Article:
If you want a consistent look and feel in your kitchen, try to match the color and finish of your other appliances to your refrigerator. As a member of American Home Shield, you have access to discounted pricing for top appliances, brands, and current models so you can upgrade or match your appliances.
Most types of refrigerators come with standard features, including shelves, crisper drawers, and on-door compartments. If you’re looking for more than the basics, here are additional features to consider.
- Ice and water dispensers: This helpful feature makes it so that you don’t have to keep a large water filter in your fridge or ice cube trays in your freezer. But they may eat up more energy. While models with these features are the most popular, they also require the most repairs.
- Adjustable shelving: Refrigerators with this feature make cleaning your shelves convenient (simply pull them out and wipe them down!), but they also allow you to choose how to organize your food. If you need to store a tall container now and then, simply adjust the shelves.
- Beverage-can dispenser: Organize your cans easily with built-in or movable dispensers made specifically to hold drink cans.
- Moisture control: Some fridge styles include a moisture control feature to manage humidity levels in the crispers, where fresh fruits and vegetables are more prone to drying out, wilting, or going bad without enough moisture.
- Air filtration system: You’ll find this handy feature in modern refrigerator styles. Refrigerator air filters help deodorize your fridge. Have an older model? A box of baking soda should still do the trick.
- Programmable control pad: With this feature, you can set the temperature, lock ice and water dispensers, preset the amount of water to dispense, and more.
- Energy-saving models: Certain refrigerator models can use up to 20 percent less energy, saving you money on utility bills. To purchase the most energy-efficient refrigerator style, look for Energy Star-certified units.
To ensure you’re extending your fridge’s life span while lowering your monthly costs, check out our tips to save energy.
If these features don’t quite meet your standards, consider buying a smart refrigerator, which takes your fridge game up a few notches. Here are some smart fridge features that vary by brand:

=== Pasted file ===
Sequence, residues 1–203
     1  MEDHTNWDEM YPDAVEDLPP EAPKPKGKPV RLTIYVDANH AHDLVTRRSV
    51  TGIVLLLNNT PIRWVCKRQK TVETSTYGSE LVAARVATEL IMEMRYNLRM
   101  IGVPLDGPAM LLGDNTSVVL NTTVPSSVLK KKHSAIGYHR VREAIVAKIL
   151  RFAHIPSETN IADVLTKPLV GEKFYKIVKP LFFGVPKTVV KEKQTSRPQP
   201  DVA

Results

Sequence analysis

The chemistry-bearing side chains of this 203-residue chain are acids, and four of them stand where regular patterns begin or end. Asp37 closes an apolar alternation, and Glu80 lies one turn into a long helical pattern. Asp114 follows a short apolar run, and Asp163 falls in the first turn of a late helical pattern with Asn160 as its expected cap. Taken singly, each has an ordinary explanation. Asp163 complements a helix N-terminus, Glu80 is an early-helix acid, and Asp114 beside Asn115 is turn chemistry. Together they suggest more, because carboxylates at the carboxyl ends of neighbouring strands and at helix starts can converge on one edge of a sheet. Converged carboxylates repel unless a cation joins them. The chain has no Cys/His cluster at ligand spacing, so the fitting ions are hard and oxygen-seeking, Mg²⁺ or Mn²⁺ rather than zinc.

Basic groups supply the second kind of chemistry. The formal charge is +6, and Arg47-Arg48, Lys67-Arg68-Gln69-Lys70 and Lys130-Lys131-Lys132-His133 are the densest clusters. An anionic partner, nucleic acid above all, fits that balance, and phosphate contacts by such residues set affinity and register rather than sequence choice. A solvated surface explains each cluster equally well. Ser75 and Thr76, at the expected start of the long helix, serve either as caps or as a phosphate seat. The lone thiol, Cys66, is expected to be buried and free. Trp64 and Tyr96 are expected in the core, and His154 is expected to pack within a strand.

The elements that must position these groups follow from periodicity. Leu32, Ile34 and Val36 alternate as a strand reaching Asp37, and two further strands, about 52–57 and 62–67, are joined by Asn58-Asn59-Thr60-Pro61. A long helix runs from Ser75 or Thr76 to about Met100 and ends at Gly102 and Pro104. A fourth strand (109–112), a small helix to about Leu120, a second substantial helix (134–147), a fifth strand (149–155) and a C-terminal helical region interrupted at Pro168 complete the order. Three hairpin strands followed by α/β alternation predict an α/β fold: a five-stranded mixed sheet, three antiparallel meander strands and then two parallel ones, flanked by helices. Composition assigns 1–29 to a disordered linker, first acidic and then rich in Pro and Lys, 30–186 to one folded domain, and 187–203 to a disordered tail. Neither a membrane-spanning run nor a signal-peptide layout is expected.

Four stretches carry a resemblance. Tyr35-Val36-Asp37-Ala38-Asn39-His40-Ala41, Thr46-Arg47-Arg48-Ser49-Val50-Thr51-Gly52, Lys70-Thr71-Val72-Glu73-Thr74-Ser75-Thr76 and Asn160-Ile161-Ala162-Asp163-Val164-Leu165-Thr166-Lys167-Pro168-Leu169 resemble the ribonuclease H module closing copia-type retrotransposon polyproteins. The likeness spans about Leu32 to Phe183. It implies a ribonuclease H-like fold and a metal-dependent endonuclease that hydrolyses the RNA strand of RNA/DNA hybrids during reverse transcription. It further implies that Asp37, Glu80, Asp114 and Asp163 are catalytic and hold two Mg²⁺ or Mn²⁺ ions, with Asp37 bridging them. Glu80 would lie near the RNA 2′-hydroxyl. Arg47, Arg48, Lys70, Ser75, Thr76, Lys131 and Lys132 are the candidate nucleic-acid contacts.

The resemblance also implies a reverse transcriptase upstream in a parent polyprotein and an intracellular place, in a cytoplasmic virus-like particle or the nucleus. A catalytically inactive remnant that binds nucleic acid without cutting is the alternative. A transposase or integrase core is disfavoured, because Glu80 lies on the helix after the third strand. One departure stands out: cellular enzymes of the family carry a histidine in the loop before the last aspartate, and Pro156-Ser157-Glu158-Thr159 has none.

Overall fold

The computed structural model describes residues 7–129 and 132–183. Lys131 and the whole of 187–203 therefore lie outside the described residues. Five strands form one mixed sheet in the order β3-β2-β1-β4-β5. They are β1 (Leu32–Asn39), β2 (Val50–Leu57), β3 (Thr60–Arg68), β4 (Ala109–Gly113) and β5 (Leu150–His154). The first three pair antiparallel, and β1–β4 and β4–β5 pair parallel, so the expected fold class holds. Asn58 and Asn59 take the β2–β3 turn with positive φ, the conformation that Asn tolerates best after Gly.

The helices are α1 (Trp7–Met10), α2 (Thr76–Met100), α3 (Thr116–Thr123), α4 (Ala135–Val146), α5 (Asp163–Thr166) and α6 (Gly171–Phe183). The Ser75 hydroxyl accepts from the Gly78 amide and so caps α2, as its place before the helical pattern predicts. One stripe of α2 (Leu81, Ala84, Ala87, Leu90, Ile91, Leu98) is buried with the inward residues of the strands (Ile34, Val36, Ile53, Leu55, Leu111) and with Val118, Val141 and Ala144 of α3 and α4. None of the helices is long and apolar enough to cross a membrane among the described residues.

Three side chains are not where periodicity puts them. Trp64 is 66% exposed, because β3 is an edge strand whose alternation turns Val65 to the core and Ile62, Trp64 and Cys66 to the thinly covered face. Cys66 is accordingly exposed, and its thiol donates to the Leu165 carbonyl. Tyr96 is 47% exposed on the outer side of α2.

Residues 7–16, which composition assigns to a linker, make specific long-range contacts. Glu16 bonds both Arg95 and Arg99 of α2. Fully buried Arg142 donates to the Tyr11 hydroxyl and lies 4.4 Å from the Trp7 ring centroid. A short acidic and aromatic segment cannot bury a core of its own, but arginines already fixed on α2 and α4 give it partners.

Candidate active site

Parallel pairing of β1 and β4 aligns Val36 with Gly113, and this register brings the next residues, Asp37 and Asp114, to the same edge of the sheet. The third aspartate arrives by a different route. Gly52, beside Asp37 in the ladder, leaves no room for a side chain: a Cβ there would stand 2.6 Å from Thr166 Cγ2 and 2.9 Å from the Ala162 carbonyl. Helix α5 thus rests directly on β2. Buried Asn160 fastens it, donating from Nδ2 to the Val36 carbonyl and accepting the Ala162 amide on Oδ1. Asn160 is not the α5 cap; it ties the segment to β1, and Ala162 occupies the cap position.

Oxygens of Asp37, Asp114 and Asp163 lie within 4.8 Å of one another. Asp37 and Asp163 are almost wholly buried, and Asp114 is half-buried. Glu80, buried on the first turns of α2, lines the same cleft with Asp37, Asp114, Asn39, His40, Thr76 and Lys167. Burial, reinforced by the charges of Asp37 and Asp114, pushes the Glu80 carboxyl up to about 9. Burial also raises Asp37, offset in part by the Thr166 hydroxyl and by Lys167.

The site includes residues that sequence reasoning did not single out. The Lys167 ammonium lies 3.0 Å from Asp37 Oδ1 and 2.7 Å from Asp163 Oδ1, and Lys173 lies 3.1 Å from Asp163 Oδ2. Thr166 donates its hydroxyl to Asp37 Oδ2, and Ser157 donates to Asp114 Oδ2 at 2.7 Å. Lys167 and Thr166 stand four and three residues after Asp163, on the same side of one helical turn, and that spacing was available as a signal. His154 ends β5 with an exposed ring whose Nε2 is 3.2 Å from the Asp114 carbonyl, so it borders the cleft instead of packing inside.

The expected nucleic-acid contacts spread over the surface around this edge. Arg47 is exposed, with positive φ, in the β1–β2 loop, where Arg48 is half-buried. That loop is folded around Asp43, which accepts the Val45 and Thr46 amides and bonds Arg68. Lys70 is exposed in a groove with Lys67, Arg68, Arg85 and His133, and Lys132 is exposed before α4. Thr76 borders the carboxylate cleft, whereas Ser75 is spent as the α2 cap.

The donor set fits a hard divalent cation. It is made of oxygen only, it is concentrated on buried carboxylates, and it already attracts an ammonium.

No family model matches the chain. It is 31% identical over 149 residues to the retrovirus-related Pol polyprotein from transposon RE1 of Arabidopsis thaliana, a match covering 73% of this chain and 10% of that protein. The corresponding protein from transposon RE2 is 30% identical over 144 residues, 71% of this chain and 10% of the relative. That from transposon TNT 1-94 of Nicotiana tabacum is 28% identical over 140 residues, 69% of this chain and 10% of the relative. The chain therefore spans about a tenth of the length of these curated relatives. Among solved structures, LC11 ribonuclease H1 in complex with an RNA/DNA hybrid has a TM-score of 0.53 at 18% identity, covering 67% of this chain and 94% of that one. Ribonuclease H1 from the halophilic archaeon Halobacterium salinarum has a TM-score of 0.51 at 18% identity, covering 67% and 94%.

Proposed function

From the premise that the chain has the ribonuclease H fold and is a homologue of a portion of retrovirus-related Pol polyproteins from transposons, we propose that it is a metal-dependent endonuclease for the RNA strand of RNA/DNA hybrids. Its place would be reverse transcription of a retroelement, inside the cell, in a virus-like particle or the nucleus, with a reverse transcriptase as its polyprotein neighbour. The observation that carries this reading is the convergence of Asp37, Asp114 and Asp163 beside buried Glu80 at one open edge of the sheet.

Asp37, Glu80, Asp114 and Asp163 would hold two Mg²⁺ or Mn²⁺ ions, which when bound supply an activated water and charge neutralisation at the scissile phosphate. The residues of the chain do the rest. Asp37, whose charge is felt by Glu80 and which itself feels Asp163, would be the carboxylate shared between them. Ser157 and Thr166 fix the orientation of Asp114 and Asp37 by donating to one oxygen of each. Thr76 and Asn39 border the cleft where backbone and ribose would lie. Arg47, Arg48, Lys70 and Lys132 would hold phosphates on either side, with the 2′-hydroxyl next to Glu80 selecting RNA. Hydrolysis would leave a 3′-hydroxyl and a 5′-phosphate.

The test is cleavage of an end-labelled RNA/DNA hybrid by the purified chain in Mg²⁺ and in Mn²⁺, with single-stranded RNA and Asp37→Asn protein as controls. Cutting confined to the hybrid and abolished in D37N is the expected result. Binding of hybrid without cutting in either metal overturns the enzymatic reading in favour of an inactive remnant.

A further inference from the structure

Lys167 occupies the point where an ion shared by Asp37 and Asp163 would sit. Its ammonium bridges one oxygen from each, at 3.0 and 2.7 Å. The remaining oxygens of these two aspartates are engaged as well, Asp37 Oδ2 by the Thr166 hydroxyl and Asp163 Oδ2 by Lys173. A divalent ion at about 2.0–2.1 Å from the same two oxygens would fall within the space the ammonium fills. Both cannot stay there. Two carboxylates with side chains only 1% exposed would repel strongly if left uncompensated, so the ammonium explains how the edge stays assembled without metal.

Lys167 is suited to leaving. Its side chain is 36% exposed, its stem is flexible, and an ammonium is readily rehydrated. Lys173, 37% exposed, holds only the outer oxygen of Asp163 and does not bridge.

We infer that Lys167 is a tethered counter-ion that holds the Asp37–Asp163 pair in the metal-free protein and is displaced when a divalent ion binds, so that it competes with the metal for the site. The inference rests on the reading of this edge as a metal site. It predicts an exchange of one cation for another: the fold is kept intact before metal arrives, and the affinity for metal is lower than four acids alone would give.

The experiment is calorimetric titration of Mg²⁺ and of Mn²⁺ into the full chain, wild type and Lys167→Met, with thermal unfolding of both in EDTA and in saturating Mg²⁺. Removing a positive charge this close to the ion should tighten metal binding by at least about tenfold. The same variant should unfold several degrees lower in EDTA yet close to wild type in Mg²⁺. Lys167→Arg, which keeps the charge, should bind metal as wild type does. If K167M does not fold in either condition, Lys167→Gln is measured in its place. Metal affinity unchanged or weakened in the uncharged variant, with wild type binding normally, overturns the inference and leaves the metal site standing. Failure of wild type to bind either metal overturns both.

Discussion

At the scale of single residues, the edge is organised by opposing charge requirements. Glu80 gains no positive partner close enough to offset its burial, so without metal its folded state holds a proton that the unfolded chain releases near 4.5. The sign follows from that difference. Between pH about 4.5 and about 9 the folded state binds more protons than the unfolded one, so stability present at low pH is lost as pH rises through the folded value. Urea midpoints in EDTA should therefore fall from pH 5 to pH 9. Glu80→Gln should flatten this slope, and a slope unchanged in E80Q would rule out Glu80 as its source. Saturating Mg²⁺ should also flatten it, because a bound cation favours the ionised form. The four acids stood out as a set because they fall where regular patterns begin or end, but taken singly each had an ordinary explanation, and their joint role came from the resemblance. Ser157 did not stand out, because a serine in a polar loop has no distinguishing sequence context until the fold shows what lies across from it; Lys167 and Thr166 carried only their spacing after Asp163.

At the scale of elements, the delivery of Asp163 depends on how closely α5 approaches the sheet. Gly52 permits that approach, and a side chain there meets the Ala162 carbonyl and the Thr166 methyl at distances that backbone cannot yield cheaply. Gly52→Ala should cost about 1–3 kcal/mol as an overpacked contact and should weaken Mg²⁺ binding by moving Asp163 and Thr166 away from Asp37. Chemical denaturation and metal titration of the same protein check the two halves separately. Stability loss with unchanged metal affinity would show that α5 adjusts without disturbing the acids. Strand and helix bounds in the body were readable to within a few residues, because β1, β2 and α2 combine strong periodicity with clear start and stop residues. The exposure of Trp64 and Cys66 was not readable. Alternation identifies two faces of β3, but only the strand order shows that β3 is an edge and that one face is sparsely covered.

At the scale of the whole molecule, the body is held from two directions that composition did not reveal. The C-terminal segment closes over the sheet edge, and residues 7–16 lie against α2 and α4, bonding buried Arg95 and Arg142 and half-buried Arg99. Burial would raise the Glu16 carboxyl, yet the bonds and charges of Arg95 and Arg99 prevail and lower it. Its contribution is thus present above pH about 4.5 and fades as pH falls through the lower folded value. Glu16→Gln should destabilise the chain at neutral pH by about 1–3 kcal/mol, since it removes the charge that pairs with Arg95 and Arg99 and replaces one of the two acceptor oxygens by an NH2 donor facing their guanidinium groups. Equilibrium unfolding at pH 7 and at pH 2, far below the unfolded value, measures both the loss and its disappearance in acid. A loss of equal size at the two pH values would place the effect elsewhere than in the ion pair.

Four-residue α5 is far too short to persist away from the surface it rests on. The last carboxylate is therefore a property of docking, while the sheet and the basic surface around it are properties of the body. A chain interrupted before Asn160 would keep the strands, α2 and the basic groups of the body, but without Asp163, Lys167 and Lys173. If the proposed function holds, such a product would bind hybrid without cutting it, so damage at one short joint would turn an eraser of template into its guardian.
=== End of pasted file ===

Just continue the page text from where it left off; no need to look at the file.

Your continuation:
- Built-in cameras. This feature allows you to view those hard-to-see containers in the back without even opening the doors.
- Digital screen. If you want to be able to check your foods’ nutritional values and expiration dates, create shopping lists and meal plans, receive alerts based on your preferences and settings, and more, a fridge with a digital screen may be the option for you.
- Smartphone connectivity. This gives you the ability to check or change the internal temperature, receive alerts if the fridge door is open, and more from the convenience of your phone.
Finding the right type of refrigerator doesn’t have to be a challenge. Start with your needs, narrow down the options, and purchase intelligently. Go ahead and pick out that refrigerator you’ve been eyeing with complete confidence!
No matter which refrigerator style you choose for your kitchen, it’s a good idea to consider a home warranty from American Home Shield® to cover those inevitable issues that your fridge will experience over the years.
And if you are already an American Home Shield member, you know that we make choosing a home warranty simple with several options to choose from based on your budget and household needs. Our home service plans will not only protect your refrigerator but also many other appliances you use every day, such as your dishwasher, clothes washer and dryer, garbage disposal, oven, and more. The best part is that no appliance is too old. You can get protection regardless of the age or appearance of your covered items. Any breakdowns become our problem, not yours.
AHS assumes no responsibility, and specifically disclaims all liability, for your use of any and all information contained herein.